America’s Most Sleep-Deprived Cities
America’s Most Sleep-Deprived Cities
September 04, 2014
Earlier this year, the Labor Statistics Bureau released data that stated Americans get an average of nearly nine hours of sleep per night.1 This seems high, considering most other surveys suggest Americans are largely sleep deprived.
And if the data relied on Americans’ notoriously inaccurate self-reporting their sleep time each night, it is seriously flawed. Most people calculate their sleep time by counting the hours from the time they went to bed until they wake up in the morning.
Using that approach does not actually factor the time it takes to fall asleep or the number of times one awakens every night. So this estimate will typically be off by 30-60 minutes or more. I am speaking from personal experience having used the Jawbone UP24 since the more accurate Zeo sleep-monitoring system went out of business.
When you use a fitness-tracking wristband device such as Jawbone UP or any of the many other similar products on the market, you can get a much more accurate picture of how much you’re actually sleeping.
You might be surprised to learn that your seven hours a night is really closer to six because you woke up multiple times and took 20 minutes to fall asleep initially. When Jawbone analyzed data for tens of thousands of Americans in 21 US cities, they indeed found that Americans may be sleeping much less than the Labor Statistics Bureau suggested.
Average Sleeping Time in Large US Cities? 6.8 Hours a Night
Sleep times in the 21 largest cities in the US were remarkably similar, ranging from a low of 6.82 hours in Houston, Texas to a high of 6.93 hours in Orlando, Florida. On average, that’s just over 6.8 hours of sleep a night.2
These results are close to those of the 2013 International Bedroom Poll by the National Sleep Foundation, which found, on average, Americans get only 6.5 hours of sleep on weeknights (but report needing 7.25 hours in order to function optimally).3 Although I seek to get 8 hours of sleep, my Jawbone UP typically records me at 7:30 to 7:45.
So how much sleep do you really need? There is no perfect answer to this question because like most everything else, the answer depends on a large number of highly individual factors. The general consensus seems to be that most people need somewhere between six and eight hours of sleep each night.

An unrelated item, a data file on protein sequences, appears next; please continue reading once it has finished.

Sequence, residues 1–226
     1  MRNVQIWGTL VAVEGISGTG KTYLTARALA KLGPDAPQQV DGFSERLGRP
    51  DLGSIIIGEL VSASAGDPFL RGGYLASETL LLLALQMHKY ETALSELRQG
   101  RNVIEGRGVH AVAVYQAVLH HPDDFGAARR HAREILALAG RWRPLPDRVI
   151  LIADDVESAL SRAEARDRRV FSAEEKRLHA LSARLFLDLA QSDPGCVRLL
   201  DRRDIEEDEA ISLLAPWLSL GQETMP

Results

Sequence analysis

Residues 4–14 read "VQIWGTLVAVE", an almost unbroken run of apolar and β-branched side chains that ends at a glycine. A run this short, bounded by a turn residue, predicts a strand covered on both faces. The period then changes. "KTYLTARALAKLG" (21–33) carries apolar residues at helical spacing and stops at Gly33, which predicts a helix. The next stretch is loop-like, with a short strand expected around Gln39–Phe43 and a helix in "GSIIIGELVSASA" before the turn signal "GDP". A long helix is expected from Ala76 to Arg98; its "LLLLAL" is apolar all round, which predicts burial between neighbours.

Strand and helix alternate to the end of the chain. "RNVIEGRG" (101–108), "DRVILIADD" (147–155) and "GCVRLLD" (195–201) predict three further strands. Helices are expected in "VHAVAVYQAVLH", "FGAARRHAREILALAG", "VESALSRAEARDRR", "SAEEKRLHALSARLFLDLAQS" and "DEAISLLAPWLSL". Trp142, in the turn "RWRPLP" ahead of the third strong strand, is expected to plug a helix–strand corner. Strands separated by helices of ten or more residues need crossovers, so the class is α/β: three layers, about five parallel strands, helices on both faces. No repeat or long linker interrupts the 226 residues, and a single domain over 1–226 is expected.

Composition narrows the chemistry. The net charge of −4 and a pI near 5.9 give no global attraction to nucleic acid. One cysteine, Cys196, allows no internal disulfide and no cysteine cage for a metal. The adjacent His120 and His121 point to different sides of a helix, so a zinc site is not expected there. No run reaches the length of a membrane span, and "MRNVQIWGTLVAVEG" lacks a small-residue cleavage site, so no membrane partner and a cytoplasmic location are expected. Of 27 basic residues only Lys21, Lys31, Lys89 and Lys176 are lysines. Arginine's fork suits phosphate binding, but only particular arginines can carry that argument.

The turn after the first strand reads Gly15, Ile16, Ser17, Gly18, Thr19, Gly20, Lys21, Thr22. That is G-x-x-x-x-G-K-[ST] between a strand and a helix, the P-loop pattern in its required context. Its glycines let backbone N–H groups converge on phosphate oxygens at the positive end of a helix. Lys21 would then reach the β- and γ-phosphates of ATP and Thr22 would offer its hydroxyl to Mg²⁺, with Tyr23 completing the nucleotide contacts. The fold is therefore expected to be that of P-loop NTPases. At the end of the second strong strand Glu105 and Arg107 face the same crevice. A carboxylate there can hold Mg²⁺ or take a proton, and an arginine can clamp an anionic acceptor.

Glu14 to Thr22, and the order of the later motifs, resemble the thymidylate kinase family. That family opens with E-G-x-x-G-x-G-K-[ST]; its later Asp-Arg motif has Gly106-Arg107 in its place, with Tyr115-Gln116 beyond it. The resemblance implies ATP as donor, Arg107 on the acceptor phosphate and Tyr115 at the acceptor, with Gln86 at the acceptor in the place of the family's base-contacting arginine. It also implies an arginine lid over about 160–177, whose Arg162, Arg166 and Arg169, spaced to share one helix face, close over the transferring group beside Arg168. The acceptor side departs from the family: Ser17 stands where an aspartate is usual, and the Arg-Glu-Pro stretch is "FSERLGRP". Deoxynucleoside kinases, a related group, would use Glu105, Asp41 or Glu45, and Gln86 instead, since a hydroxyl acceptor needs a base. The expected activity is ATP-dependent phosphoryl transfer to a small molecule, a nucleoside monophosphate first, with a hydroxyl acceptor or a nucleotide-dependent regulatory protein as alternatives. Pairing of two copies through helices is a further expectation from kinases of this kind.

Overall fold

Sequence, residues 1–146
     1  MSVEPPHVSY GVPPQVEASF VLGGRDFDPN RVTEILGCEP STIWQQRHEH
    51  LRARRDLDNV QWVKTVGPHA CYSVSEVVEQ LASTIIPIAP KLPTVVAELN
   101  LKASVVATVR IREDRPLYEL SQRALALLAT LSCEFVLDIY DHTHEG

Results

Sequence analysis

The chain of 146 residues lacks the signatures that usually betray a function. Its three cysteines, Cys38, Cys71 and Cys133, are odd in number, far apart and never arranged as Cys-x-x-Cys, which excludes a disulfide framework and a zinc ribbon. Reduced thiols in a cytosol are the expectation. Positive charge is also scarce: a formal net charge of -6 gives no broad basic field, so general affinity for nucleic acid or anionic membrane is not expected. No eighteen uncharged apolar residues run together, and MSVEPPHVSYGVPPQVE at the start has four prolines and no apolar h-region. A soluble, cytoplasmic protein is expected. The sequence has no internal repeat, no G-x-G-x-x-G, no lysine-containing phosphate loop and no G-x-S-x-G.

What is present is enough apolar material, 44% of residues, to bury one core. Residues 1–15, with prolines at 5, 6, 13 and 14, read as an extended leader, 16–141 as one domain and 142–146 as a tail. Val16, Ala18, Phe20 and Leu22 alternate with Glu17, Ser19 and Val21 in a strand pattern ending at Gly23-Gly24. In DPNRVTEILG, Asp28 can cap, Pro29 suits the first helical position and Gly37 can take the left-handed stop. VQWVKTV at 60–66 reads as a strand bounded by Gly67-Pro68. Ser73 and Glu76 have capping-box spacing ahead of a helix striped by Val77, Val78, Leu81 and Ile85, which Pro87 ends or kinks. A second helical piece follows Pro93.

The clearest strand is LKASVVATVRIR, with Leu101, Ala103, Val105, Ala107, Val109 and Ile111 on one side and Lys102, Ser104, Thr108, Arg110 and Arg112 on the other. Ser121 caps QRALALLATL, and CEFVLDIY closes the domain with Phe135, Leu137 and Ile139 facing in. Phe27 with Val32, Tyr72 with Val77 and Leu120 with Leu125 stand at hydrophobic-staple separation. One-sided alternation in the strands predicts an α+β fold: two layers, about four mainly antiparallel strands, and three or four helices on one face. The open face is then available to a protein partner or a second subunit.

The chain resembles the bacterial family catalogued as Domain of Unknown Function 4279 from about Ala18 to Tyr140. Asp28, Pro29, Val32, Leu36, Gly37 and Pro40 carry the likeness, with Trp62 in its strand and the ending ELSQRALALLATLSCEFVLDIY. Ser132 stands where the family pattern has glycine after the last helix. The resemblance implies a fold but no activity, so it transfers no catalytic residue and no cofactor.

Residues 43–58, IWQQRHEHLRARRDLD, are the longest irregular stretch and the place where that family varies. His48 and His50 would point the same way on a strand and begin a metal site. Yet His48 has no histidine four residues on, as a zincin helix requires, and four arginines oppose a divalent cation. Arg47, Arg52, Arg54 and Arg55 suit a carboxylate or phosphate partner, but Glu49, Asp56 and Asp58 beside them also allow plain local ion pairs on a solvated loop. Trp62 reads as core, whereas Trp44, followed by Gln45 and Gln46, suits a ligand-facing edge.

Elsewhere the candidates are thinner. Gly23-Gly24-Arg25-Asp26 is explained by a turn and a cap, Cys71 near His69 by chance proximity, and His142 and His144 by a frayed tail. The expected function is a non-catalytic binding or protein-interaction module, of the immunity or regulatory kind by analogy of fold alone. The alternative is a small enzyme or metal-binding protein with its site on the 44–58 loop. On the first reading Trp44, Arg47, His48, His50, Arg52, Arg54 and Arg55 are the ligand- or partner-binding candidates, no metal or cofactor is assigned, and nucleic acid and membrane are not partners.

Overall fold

There’s compelling research indicating that sleeping less than six hours may increase your insulin resistance and risk of diabetes. And studies show that less than five hours of sleep at night can double your risk of being diagnosed with angina, coronary heart disease, heart attack, or stroke. Interestingly enough, the same appears to be true when you sleep more than nine hours per night.
Dr. Rubin Naiman — a clinical psychologist, author, teacher, and a leader in integrative medicine approaches to sleep and dreams — recommends you simply sleep “enough hours so that your energy is sustained through the day without artificial stimulation, with the exception of a daytime nap,” which he believes you are biologically programmed for.
I agree with this functional description rather than trying to come up with a specific numeric range. I would add to that guideline, however, the suggestion to watch out for physical or biological symptoms.
Pay attention to clues your body may be giving you. For instance, if you need an alarm clock to wake up, and you wake up feeling tired and groggy, you probably need to go to sleep earlier (or get more restful sleep).
It’s also said that if you fall asleep within a few minutes of your head hitting the pillow, you’re probably sleep deprived. A well-rested person will take about 10-15 minutes to fall asleep at night.4
That is an interesting factoid as I find it is true in my own life. Now that I get more sleep, it takes at least that amount of time to fall asleep. For many decades, I would only get 6 hours or less of sleep and would easily fall asleep in minutes. So don’t make the mistake I did and try to get by on minimal sleep.
Poor Sleep May Increase Suicide Risk in Older Adults
Poor sleep can actually impact virtually every aspect of your health, and the reason for this is your circadian rhythm (sleep-wake cycle) actually “drives” the rhythms of biological activity at the cellular level.
We’re only beginning to uncover the fascinating biological processes that take place during sleep, and the consequences that arise when you don’t get enough. Recent research revealed, for instance, that older adults with poor sleep quality may have an increased risk for suicide.
Both poor sleep and suicide rise with age, and the study found that older adults who reported poor sleep had a 1.4 times increased risk for suicide – an increase that persisted after controlling for the effects of a depressed mood.5
There are many reasons why the elderly may be at increase risk of poor sleep and its related problems. For instance, lack of magnesium may play a role in insomnia, and dietary surveys suggest that the majority of Americans are simply not getting enough magnesium from their diet alone.
Older adults, in particular, are more likely to be magnesium deficient because absorption decreases with age, and the elderly are more likely to take medications that can interfere with absorption (or interfere with sleep directly).